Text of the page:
The director of Personal Shopper sits down with the director of Boyhood to talk filmmaking.

Probably best known in recent years for films like Personal Shopper and Clouds of Sils Maria, Olivier Assayas is a French writer and director. He’s found critical acclaim with films such as Summer Hours, Something in the Air and his TV miniseries Carlos.

During SXSW, the festival hosted a conversation with Assayas moderated by Richard Linklater,  director of Boyhood and Before Sunset. Throughout the conversation, they discussed a wide range of subjects pertaining to filmmaking, including working within genres and being part of a collective team. Below are some of the highlights of Assayas’ conversation with Linklater and his reflections on his career.

Politics and Film 

Near the beginning of the conversation, Linklater asked Assayas about the role of politics in film. Mentioning his interest in Guy Debord, Assayas went on to explain how Debord incorporated politics into film theory. “When you were a would-be in artist in those years, you had to make sense of your approach,” he said, “It was not good enough to say ‘hey I like movies, I would like to make movies. I’m a cinephile.’”

Filmmaking as a Collective Experience

For Assayas, rather than looking forward to running the whole show, he believes being part of the collective is one of the greatest parts of working on a film. “Every movie I’ve made, I don’t want to be like the boss of business which sometimes you could feel when you’re directing a film,” he said. “I want to be just part of the collective that is basically just enjoying itself, doing something that has to do with their ideal…”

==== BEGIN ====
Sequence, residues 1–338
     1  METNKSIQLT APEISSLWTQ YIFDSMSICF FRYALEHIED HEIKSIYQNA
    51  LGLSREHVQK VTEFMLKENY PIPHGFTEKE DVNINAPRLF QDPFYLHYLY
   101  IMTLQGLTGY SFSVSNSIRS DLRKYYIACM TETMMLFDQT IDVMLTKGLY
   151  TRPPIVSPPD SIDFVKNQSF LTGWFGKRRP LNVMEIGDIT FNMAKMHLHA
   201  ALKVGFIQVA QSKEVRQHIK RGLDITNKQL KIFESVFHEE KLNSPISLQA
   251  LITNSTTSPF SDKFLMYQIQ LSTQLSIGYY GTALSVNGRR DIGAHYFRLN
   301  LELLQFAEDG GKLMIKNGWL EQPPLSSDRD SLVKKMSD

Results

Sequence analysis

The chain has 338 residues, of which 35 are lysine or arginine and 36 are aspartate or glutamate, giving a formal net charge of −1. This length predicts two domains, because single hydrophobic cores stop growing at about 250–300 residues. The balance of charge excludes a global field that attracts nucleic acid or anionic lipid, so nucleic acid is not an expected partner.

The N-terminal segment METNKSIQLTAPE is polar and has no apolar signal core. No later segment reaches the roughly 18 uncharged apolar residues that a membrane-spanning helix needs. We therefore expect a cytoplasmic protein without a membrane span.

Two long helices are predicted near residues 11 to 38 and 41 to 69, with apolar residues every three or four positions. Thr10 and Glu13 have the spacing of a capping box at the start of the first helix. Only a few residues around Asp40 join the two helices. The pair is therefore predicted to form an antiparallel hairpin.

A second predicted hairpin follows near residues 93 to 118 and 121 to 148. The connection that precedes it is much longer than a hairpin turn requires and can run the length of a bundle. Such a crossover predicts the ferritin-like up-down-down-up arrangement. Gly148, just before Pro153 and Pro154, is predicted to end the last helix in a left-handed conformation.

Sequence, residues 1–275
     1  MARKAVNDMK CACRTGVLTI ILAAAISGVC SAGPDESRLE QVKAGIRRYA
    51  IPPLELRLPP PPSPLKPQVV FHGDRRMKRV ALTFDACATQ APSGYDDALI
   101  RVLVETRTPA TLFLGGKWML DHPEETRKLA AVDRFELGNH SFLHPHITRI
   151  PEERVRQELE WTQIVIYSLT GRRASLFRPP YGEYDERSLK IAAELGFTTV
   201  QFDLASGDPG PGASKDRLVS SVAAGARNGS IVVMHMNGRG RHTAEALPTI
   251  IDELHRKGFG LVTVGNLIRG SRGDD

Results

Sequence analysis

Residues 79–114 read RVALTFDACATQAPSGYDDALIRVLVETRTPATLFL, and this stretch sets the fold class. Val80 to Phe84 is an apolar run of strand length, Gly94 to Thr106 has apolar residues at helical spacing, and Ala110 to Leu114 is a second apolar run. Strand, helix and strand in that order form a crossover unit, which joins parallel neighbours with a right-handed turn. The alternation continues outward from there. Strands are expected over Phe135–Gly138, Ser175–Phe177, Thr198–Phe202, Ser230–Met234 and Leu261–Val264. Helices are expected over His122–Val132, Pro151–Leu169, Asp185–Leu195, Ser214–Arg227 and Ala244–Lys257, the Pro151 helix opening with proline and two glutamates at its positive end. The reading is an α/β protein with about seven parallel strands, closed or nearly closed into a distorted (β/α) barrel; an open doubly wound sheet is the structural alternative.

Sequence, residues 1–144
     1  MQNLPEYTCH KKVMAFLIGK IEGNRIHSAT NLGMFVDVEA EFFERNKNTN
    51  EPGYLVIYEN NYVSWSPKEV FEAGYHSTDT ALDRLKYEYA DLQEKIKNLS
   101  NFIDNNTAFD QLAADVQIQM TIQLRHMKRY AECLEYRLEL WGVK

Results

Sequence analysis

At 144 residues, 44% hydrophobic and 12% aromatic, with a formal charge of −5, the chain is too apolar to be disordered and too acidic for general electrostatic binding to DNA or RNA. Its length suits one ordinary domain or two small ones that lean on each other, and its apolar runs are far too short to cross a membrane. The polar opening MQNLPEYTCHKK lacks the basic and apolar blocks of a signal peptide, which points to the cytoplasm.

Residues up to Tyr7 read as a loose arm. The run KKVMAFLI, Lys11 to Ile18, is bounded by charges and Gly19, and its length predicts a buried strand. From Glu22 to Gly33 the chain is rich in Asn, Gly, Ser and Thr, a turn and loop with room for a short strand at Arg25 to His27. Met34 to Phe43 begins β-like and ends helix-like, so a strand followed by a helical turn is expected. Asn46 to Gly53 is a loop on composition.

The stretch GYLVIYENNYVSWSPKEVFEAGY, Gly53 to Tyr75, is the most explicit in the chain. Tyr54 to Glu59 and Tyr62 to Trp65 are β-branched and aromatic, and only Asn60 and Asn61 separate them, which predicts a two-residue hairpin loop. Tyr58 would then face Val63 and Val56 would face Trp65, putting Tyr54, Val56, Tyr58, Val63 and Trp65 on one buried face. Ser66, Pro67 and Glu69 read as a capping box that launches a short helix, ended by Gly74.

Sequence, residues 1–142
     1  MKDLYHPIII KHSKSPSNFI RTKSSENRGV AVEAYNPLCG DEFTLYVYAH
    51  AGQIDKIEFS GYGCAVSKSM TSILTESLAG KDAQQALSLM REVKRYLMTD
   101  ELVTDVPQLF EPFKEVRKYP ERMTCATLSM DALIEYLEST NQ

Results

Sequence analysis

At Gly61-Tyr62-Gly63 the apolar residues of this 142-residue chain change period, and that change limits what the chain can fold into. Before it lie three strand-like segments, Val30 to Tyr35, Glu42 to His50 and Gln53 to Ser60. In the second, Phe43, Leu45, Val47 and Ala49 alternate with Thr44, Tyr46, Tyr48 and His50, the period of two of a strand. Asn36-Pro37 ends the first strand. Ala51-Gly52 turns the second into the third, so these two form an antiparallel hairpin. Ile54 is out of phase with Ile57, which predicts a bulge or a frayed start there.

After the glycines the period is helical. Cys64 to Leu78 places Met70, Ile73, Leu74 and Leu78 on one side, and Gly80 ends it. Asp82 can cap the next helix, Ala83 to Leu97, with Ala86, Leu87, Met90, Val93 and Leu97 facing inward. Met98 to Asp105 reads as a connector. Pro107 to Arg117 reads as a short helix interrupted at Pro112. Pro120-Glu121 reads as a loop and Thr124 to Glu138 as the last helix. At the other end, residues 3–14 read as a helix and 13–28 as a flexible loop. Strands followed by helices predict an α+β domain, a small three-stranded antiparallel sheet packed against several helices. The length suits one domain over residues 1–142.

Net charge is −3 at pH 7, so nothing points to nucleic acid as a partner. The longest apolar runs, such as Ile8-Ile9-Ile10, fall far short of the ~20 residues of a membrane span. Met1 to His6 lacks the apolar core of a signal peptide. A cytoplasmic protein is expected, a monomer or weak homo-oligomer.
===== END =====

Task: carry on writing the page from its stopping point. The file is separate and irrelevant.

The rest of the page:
Assayas as a Film Writer

Mid-way through the conversation, Linklater mentioned Assayas’ past as a film critic, which he spent about 5 years doing, but Assayas clarified and explained how his job as a film writer helped him to become a filmmaker. “I’ve never been a film critic. I’ve been a film writer,” he explained. “And I’ve been making short films before that, and I’ve been writing screenplays. And yes I did write a bit about movies, but it was because it was like film school for me.”

The Power of Silent Films

During the conversation, Assayas brought up his great appreciation for silent films, claiming to be obsessed with the magic of them, and explained how they have influenced his own work. “I’ve always questioned why silent films, even the least ambitious, they still have something magical about them,” he said. “Well, it’s very simple. Most of those were filming things for the first time so there’s a sort of virginity, something that can’t be repeated.” Applying that to his own filmmaking, Assayas says he understands that a film needs “To make it worth it, it has to capture something of the magic.”

Genre Filmmaking

Linklater brought up the subject of genre filmmaking, mentioning that Assayas isn’t afraid to really dig into genre. As a response, Assayas said, “The filmmakers who made the strongest impression on when I was a young man, I don’t know, David Cronenberg, John Carpenter, Wes Craven. Those movies, they were so powerful and they were done with no money and it as young filmmakers who were doing things in a completely different way, and I’ve always had the sense that genre filmmaking, somehow reaches fervor inside us than classical psychology or whatever, because you react physically to genre. I always think that indie filmmaking misses that dimension of connecting the body of the audience.”

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